Ghost town tests self-driving cars of tomorrow

Ann Arbor, United States -- Tucked away on a tree-lined US college campus, a sprawling ghost town has been built to test the self-driving cars of the future.

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MCity, which sprung up in an empty field a year ago like a Hollywood set, is where new technologies which are already radically reshaping the automotive industry must prove themselves before they make it to regular roads.

The 13-hectare site offers all the trappings of urban life, designed to reproduce the kinds of situations a self-driving car would encounter, like a child dashing into the street after a ball.

Traffic signals, street lights, cross walks, bicycle lanes, roundabouts, a railroad crossing, even construction: nothing has been left out of MCity's design.

The Americana street names -- Liberty Street, State Street, Main Street -- and cheerful store fronts, bus stops, benches, mailboxes and garbage bins give MCity the appearance of a vibrant town.

But its cafes and restaurants are nothing but facades. Its inhabitants are a collection of data crunchers using cameras, radar, sonar and lasers.

For over a year, the faux town has served as a laboratory for testing the self-driving technologies of about a dozen companies, according to Jim Sayer, deployment director at the University of Michigan's Mobility Transformation Center in Ann Arbor, Michigan.

"Generally speaking they are testing software and sensors: how the system responds in very specific scenarios that they set up," Sayer told AFP.

The facility is able to set up a controlled experiment -- for instance, how a tunnel or tree canopy might impact software. The test can be repeated time and time again while adjustments are made to sensors and software to improve performance.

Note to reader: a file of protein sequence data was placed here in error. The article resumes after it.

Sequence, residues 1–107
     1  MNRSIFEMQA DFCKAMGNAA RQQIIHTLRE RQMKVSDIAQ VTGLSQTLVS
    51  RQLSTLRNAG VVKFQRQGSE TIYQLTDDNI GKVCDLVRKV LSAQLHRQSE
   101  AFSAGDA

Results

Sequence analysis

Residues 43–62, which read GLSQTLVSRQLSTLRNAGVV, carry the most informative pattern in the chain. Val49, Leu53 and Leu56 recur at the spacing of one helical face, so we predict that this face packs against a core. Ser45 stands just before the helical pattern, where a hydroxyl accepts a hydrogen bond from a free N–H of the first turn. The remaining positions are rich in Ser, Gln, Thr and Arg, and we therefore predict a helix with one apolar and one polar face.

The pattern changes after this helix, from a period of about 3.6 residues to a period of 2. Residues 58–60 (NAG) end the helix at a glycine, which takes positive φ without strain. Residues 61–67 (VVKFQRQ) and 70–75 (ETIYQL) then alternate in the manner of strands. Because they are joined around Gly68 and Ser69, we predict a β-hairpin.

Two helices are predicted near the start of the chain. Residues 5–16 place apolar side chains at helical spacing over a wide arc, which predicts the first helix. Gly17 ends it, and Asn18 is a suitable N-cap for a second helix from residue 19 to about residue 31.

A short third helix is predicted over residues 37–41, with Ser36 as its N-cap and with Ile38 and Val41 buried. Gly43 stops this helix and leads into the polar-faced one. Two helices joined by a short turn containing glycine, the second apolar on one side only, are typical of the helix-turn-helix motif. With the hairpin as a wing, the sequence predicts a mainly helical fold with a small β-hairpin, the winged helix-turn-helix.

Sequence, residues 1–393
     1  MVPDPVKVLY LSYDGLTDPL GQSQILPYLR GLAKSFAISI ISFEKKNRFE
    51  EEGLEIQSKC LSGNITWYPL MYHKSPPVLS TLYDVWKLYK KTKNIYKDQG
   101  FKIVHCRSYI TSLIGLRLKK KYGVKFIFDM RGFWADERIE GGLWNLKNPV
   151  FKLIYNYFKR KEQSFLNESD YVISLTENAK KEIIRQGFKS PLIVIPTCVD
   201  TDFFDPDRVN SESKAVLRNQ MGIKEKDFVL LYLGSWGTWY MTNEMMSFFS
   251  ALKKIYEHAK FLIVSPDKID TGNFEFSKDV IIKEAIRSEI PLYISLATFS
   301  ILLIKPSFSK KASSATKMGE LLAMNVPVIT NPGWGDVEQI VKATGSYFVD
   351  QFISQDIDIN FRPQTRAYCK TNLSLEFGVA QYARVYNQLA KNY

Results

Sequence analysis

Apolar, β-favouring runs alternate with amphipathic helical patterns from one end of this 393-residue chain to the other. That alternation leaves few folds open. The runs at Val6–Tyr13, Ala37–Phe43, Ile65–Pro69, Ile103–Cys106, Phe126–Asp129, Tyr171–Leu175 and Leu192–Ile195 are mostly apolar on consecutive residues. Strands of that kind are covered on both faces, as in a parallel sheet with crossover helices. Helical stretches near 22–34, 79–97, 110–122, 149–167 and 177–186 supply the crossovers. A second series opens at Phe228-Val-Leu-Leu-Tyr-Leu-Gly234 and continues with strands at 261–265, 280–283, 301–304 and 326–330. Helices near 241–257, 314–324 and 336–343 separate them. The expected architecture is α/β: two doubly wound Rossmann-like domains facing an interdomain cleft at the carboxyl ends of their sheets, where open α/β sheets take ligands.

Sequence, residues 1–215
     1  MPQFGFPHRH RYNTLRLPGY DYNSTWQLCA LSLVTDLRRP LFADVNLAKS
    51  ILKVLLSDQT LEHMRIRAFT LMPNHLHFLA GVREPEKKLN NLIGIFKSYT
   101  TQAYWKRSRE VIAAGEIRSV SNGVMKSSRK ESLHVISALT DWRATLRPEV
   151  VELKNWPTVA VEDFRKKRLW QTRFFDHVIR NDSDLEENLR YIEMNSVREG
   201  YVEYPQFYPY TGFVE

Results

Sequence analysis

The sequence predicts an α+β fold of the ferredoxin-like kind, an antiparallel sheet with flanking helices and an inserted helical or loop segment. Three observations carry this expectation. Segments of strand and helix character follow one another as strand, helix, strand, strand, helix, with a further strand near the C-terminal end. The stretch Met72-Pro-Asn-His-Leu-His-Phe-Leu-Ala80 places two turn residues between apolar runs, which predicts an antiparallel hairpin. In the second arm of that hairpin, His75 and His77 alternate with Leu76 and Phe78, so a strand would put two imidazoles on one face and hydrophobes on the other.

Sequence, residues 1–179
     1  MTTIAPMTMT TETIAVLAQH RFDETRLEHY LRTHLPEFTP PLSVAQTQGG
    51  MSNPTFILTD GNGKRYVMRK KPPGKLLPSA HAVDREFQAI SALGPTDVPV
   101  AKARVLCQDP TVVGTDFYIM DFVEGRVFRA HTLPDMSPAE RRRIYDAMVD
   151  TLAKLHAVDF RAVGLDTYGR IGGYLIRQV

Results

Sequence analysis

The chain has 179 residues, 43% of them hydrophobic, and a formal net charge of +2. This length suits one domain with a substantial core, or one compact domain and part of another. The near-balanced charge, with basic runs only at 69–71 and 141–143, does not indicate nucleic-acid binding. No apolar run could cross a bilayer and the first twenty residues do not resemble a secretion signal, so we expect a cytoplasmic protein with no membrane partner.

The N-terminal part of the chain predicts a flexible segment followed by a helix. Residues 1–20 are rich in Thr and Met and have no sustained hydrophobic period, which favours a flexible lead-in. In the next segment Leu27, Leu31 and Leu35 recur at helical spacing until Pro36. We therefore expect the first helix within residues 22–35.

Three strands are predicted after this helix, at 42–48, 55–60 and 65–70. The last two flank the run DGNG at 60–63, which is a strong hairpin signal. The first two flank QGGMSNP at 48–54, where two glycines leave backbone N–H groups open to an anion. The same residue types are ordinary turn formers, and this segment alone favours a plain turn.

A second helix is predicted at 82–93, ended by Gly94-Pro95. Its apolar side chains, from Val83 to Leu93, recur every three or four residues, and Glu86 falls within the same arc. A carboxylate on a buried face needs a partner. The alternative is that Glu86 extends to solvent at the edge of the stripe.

Snow, night-driving tests

Automakers and technology companies developing autonomous driving systems can run their cars at up to 100 kilometers per hour (60 miles per hour) night or day in a variety of scenarios -- city driving, country driving, highway driving -- and on difference surfaces like gravel, asphalt and concrete.

Ford has tested its autonomous vehicles in MCity, which is just 60 kilometers from its Dearborn headquarters.

One part of its Fusion fleet will soon be tested there during extreme weather like snow and rainstorms, which can interfere with sensors and GPS.

"We've been testing (autonomous) cars in the real world, but using a place like MCity will allow us to refine our algorithms and better calibrate car sensors by repeating specific situations in a reliable way," said Jim McBride, who heads Ford's autonomous vehicle program.

For Sayer, the main value of MCity is the variety of tests that the site permits: each kilometer of the testing site can represent 100 or 1,000 kilometers of driving on real-world roads. And each scenario is infinitely repeatable, not possible on public roads.

MCity was created through a partnership between the university and Michigan's department of transportation. Corporate sponsors provided a million dollars in funding.

It isn't the only testing site of its kind: GoMentum in California has already welcomed test vehicles from Honda.

Sayer said self-drive technology is advancing to the point where autonomous vehicles could soon hit the streets in controlled situations like shuttles which drive people slowly around airports or college campuses.

"For vehicles that can replace the kind of vehicles we drive today operate in all weathers, in all speeds, all road conditions, it's probably another 20 years away before we reach something that is commercially viable," he said.



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